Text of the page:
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Whetting your APPetite Vol. 11: Reflection of Happiness

For those of you who can't afford the $99 for an AppleTV (and possibly the extra $179 for the AirPort Extreme it would require to bypass your local network), here's a $15 way to get your iPads mirrored wirelessly to your computer. That's right, wirelessly to your computer!  If you're like me and have been struggling to find a seamless way to show kids how to use new apps, iOS features, or screencast iPad demos for colleagues, friends or pupils, now it's as simple a swipe, tap, mirror.

Meet Reflection App for Mac. My friend and fellow tech adventurer, Chad Kafka spread the word about this and I've been obsessed ever since. So big thanks to Chad for sharing!

So far I've used it to share student work on my interactive whiteboard, mirror and display videos students have created using apps like Educreations or Toontastic, and create screencasts using QuickTime to teach my kids how to navigate new iOS features.

One surprising feature I've discovered is that when we wirelessly mirror through this app, videos are opened through my computer's QuickTime Player... and as a result are downloadable. Now I can get videos off of any of my students' iPads as they display them for the class.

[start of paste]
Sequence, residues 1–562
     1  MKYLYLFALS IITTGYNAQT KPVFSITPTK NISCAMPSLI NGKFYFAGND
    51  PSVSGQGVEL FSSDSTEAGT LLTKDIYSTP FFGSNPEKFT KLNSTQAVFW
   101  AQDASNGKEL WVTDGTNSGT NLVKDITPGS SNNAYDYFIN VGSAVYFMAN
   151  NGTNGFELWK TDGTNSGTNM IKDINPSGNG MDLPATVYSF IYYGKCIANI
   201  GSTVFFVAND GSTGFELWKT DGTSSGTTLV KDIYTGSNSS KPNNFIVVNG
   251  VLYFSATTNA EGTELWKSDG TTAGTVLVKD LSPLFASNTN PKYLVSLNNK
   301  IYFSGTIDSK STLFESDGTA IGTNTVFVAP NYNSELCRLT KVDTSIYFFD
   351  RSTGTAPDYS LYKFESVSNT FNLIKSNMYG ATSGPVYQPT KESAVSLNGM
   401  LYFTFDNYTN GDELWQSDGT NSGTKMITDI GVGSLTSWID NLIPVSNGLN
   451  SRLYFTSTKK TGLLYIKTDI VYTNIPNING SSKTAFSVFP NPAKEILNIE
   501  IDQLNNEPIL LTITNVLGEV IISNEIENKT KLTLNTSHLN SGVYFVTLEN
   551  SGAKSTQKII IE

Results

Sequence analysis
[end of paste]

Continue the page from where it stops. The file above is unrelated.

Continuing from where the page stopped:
The developer is super helpful and responsive. He's currently offerring the App at $14.99 per Mac (note: this app runs on your Mac - NOT your iPad... so it only needs to be purchased ONCE per classroom - no VPP required), or under $10 if you're purchasing 5 or more. He seems to suggest deeper discounts if you are buying in even larger bulk (say, for an entire building of classrooms).

Although I think the Apple TV will ultimately be the way to go - especially once the new Mac Mountain Lion OS is released and allows for AirPlay mirroring of your computer - this is a great route for those who can't afford the AppleTV or can't make it work with their wireless constraints. And if you can afford both, I say get this too... the ability to screencast my iPad and quickly download video off of any iPad has been incredibly helpful.
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The New iPad: Thoughts From an Assistive Technology Prospective

The New iPad is out with a new high-resolution display, improved rear facing camera, dictation and more, but what does it mean for people with disabilities?

Camera - The New iPad has a much improved 5 megapixel rear facing camera. The new camera will enable assistive technology users to capture documents with more clarity. With the new improved camera, apps such as Prizmo, JotNot, ZoomReader, Scanner Pro and TurboScan will work much better.